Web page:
A review of: Blogging

On: September 17, 2009
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About Suzanne Schram
I am Suzanne Schram. I have a Bachelor degree in Literature and I have done the Master Book and Digital Media Studies, both in Leiden.


Blogging is written by Jill Walker Rettberg. She is a blogger her self. On her blog she presents her self as “an associate professor at the University of Bergen, and I do research on how people tell stories online.” This book is part of the digital media and society series. This website supports and supplements the books from this series. The website also includes a blog. Blogging contextualizes blogs and uses critical theory and the history of digital media to do this.

Her book starts with a chapter in which blogging is explained. This chapter provides a paragraph about how you should blog. The description she provides starts from scratch; no knowledge of blogs is needed. Even terms like HTML and CSS are described. To thoroughly define blogs she describes three different blogs: a personal blog, a filter blog and a topic-driven blog. As an example of a personal weblog she mentions the popular weblog of Heather B. Armstrong. To explain the filterblog she uses the blog of Jason Kottke. The blog Daily Kos is used to explain the topic-driven blog. This chapter ends with a short history of blogs. In this paragraph she describes the first blogs and how they differ from today’s blogs.

Chapter two contextualizes blogging and explores how major cultural shifts such as the introduction of print, the spread of literacy and the introduction of the Web connect to blogging. She compares these developments with blogging. She shows some interesting facts by comparing the developments with blogging, however she merely mentions them and doesn’t elaborate on them. She focuses more on describing the developments which are already known to me. An interesting fact which she shows is that some aspects of blogging are similar to oral cultures: blogs are conversational and social, they are constantly changing and their tone tends to be less formal and closer to everyday speech than is the general tone of print writing. Another interesting statement she describes is that the solitude of reading and writing is changing with blogs, which is a more explicitly social form of writing. Another interesting statement is that both blogging and the spread of polemical printed publications lead to more publication. A last example of an interesting observation of which I would have liked more information is that bloggers change the way they write because they are aware that their audience may be greater than they imagine. She concludes this chapter by arguing that there is a mutual dependency between technology and culture, this is called co-construction.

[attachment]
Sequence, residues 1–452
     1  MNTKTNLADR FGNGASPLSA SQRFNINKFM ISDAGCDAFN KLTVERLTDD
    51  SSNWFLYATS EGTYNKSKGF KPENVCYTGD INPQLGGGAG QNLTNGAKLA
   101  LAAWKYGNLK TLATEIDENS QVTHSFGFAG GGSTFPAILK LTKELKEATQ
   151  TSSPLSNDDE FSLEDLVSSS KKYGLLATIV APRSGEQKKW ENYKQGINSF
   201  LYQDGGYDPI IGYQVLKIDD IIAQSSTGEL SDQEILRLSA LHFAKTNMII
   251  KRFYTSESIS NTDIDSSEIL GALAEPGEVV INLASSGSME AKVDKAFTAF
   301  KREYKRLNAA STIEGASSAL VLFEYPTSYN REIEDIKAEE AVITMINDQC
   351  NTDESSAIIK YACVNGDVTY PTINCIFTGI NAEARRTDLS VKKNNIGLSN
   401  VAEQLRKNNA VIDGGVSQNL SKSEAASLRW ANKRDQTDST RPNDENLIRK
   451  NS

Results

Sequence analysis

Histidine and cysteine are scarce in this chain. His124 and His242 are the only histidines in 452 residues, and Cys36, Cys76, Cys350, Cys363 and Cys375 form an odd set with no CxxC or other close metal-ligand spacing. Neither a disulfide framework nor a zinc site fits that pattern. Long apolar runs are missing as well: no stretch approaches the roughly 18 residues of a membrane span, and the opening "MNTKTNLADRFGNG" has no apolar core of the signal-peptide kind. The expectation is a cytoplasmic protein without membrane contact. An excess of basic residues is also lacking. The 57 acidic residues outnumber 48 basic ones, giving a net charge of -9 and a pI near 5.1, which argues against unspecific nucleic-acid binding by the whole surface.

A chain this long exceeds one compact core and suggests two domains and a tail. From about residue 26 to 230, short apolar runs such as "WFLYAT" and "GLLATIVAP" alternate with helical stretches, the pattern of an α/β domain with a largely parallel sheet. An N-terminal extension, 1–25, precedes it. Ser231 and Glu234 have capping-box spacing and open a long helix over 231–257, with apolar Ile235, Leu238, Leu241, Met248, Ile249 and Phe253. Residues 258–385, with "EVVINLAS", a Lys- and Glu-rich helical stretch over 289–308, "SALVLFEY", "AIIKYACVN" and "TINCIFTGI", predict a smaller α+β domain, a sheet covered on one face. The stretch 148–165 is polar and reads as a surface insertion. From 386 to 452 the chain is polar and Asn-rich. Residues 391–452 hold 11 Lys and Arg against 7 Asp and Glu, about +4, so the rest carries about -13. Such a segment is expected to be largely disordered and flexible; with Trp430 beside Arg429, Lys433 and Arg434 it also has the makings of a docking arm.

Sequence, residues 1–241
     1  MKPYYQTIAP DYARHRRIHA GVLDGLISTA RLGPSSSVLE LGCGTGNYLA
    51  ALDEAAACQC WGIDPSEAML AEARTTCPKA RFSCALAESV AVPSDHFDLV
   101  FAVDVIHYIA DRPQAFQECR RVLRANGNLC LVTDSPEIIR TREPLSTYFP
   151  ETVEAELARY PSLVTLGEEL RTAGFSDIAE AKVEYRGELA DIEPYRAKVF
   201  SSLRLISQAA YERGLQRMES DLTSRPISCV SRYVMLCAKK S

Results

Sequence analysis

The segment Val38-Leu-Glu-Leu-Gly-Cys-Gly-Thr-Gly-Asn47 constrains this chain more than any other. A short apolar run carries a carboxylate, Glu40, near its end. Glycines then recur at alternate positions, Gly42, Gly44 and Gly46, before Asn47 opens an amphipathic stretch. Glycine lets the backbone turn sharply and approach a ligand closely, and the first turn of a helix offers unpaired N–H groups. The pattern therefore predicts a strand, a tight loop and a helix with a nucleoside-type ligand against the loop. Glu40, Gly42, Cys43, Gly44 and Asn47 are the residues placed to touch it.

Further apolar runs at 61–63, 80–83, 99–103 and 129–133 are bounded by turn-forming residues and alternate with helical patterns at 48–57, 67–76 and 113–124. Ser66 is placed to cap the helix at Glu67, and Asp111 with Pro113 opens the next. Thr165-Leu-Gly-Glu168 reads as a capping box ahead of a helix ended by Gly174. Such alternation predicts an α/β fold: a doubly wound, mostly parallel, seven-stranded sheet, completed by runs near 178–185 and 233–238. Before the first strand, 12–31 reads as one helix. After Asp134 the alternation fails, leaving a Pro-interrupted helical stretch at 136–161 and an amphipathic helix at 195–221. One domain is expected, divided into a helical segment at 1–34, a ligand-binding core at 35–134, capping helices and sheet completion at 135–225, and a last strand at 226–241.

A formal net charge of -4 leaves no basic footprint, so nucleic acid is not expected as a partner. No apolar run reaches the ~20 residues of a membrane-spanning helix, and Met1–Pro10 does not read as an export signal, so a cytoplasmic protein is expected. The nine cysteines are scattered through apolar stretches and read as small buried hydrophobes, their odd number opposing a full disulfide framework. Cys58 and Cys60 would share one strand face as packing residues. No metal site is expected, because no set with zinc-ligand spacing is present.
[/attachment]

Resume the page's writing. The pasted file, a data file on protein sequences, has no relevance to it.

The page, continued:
The third chapter focuses on the social aspects of blogs and on social networking sites. Rettberg discusses new ways in which blogs are evolving and she presents important ideas from current research as well as theories of social software. She claims that social networking sites are a kind of communication which is very closely connected to blogs and that it might even be seen as a kind of blogging. Rettberg explains what social networking sites and blogs have in common and how they differ. Social networking sites have for example a social goal and the goal of blogs is the sharing of information. One of the reasons why social networking sites appeals to us is because of our instinct for collecting. However she not only mentions positive effects of these web sites; she says that students complain that so much of their social life happens on Facebook that not to participate is to be socially ostracized. Of course she also mentions the issue of privacy. She discusses Cory Doctorow’s Scroogled a short story about a possible future scenario where the massive amounts of data stored about individuals by Google and other websites provide a means for the government to control the people. Rettberg also mentions examples of privacy issues such as immigration officers who google people and she quotes a clause from the Terms of Use of Facebook: facebook has the right to use contributions which are posted on their website. And in an earlier chapter she mentions that Heather B. Armstrong was fired because of information posted on her blog. However I expected her to mention more about this important subject. A survey conducted in 2004 shows that 36% of the respondents have gotten in trouble because of things they have written on their blogs and 12% know other bloggers who have gotten in legal or professional problems because of things they wrote on their blogs. I think it would have been logic to insert some information about privacy in the section ‘How to Blog’ and also a section about the negative consequences of blogging.